US Senate Candidate Doubts Congress Will Probe Nord Stream Explosions Amid Elections
05:50 GMT 26.09.2023 (Updated: 13:18 GMT 26.09.2023)
© Photo : Swedish Coast Guard In this picture provided by Swedish Coast Guard, a small release from Nord Stream 2 is seen, Wednesday, Sept. 28, 2022
© Photo : Swedish Coast Guard
WASHINGTON (Sputnik) - Congress is not likely to take an initiative to investigate who sabotaged the Russian Nord Stream pipelines last September considering US lawmakers are focused on the 2024 elections, independent candidate for the US Senate Diane Sare told Sputnik.
"No, I think it's in the way," Sare said when asked if she expects Congress to probe the Nord Stream sabotage. "It's unfortunate that we have elections coming up because the Congress is posturing for elections."
A congressional investigation would allow Congress to discover if President Joe Biden and other members of his administration had a role in the event, Sare said.
Sare pointed out Biden's remarks from February 7, 2022, alongside the German Chancellor Olaf Scholz, when the US president said the United States would "bring an end " to the Nord Stream project if Russia carried out its special military operation in Ukraine.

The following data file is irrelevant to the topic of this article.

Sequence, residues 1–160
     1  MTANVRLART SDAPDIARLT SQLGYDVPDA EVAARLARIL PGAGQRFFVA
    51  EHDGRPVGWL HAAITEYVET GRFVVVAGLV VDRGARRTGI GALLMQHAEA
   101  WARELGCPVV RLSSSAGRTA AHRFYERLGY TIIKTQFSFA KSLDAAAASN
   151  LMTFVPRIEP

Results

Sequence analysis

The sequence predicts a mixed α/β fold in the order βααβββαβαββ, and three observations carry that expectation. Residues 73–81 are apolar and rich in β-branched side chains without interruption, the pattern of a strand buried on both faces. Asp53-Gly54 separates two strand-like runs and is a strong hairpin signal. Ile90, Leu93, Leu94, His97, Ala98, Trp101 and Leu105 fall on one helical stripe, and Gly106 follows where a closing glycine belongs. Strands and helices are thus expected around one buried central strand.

"I promise you we'll be able to do it," Biden responded when asked how the United States would be able to end the project if it is under Germany's control.
Sare believes pressure from the American public would be the best way to push Congress to launch a congressional investigation into the Nord Stream incident.
"I think the American people still have to demand it," Sare said. "If people got the idea that this was an illegal clandestine operation by the State Department, the military, etc., then maybe we could get this to happen."
Many US lawmakers, Sare said, are beginning to not be so enthusiastic about sending billions of dollars worth of more weapons to Ukraine, probably as a result of pressure from their constituents.
Major US new outlets like The New York Times and CNN could also help bring about a congressional investigation if they ever decide to give the matter more coverage, Sare said.
The Nord Stream pipelines, built to deliver gas under the Baltic Sea from Russia to Germany, were hit by explosions in September 2022. The pipeline's operator, Nord Stream AG, said that the damage was unprecedented and it was impossible to estimate the time repairs might take.
Denmark, Germany and Norway have left Russia out of their investigations into the attack, prompting Moscow to launch its own investigation with charges of international terrorism.
No official results of the investigations have yet been announced, but Pulitzer Prize-winning US investigative journalist Seymour Hersh published a report in February 2023 alleging that the explosions had been organized by the United States with the support of Norway. Washington has denied any involvement in the incident.
In mid-July, media reported that Dutch military intelligence had informed the CIA of Ukraine's plans to sabotage the Nord Stream pipelines months before it happened.